New project site launched for Augen The Book e-reader

I've just heard over at MobileRead that someone is starting a project with the goal of hacking Augen's ereader. His long term goal is to be able to use The Book as a limited netbook computer. This could be shiny, but only if Augen follows through and hands over the source code (as required by the software license). I'm excited because I can see the potential of the design.

The The Book is a Kindle clone with a 7" LCD screen, Wifi, and support for Adobe Epub. It runs Linux and it has a reasonably useful keyboard. I reviewed it in August.

This general design could be the next netbook. Right now the only thing stopping that from happening is the limited software on these devices. If the Book gets hacked it will be so much more useful.

I'm also thrilled to finally meet someone who gets it. Here is why Chris started this project:

Well, that's a good question. TheBook really doesn't have the battery life to be the greatest book reading device, but the software platform is mostly based on open stuff, and it's an interesting little piece of hardware. The same LCD display that makes it hard on the battery makes it respond more quickly than the E-Ink based readers for things like web browsing and games. It might be nice to adjust the built-in software bundle so that it does more of what it does well. Also, I have one.

Open The Book

About Nate Hoffelder (11479 Articles)
Nate Hoffelder is the founder and editor of The Digital Reader: "I've been into reading ebooks since forever, but I only got my first ereader in July 2007. Everything quickly spiraled out of control from there. Before I started this blog in January 2010 I covered ebooks, ebook readers, and digital publishing for about 2 years as a part of MobileRead Forums. It's a great community, and being a member is a joy. But I thought I could make something out of how I covered the news for MobileRead, so I started this blog."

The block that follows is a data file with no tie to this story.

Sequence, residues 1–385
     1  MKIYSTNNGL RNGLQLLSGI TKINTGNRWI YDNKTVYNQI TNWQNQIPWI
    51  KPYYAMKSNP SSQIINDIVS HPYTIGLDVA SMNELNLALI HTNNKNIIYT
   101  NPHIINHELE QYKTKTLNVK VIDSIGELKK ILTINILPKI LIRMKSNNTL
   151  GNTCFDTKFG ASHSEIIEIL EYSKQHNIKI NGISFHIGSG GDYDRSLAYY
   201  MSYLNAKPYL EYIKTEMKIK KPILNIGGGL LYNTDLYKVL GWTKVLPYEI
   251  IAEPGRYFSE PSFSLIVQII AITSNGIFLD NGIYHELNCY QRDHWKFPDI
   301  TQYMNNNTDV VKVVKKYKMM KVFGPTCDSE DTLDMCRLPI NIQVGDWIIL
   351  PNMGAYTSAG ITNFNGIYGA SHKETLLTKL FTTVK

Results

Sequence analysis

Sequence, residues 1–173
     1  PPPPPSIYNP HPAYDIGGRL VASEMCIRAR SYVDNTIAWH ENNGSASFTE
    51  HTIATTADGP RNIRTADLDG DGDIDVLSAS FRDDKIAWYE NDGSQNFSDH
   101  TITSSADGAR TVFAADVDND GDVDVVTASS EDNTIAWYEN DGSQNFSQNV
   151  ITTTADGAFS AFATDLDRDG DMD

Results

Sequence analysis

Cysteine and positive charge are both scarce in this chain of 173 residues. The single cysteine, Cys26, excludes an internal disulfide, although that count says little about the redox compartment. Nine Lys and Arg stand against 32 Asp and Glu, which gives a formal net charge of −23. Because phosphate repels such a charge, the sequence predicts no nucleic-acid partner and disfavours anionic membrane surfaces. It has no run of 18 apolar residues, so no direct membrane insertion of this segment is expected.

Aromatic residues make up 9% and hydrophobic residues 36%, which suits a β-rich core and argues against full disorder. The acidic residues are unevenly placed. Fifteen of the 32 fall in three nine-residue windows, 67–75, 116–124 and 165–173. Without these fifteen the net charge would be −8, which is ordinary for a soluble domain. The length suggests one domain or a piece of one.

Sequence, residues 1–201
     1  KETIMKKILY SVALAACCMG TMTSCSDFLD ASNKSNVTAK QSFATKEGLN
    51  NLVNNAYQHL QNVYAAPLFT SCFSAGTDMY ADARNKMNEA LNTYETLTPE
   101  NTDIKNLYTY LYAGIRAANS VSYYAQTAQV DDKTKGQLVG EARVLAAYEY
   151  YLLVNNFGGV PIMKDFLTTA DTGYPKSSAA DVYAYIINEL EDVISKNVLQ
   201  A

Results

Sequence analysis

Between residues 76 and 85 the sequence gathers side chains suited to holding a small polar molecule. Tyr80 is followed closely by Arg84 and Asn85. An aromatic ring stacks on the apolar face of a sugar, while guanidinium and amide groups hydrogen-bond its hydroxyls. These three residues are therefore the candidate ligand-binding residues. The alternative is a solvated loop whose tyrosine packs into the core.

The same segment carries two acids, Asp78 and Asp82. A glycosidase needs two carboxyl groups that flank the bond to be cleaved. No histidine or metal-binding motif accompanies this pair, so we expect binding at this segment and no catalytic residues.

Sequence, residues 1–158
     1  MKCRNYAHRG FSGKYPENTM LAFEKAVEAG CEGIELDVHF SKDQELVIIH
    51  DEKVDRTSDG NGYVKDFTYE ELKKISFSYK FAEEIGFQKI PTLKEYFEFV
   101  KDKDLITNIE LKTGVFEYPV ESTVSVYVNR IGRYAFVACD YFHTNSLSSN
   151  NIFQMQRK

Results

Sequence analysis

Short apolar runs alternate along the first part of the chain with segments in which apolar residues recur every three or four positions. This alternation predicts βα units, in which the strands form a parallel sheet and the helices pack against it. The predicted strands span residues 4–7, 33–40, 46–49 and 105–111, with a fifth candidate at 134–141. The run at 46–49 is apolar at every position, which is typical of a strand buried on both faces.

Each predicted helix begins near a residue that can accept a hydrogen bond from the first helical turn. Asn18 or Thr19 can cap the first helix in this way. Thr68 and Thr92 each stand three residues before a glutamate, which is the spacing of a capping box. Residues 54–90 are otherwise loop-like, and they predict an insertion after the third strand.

8 Comments on New project site launched for Augen The Book e-reader

  1. Hi Nate,

    I’m pretty positive about the project regardless of Augen’s action with regard to the source code. As you’re aware, the GPL requires that they hand over modified code to their users upon request. This license covers at least the kernel and some basics, but almost certainly doesn’t cover (for example) the GUI.

    Here’s the good news: the GUI is QTopia, which is open source so I can get the unmodified source elsewhere. Even for the kernel, which I’m sure has been modified, the modifications seem very minor and if I had to build it from stock distribution code without seeing Augen’s modifications, it’s probably not too big of a deal.

    Of course it would be nice of Augen to provide the source. I’ve intended to give them a couple more weeks to see what happens before I start seriously trying to string the whole thing together on my own. It will be easier with their help, obviously. I’m sorry to report that I’ve heard no news at all yet, but I’d like to make some allowance for their potential flood of holiday customers.


  2. I wish you good luck, but when I was looking to see if anyone else had tried a project like this, I ran across this page:

    It looks like several other people have tried to get them to comply with the terms of the GPL with no luck. So, if they do, great, but don’t be surprised if they don’t.

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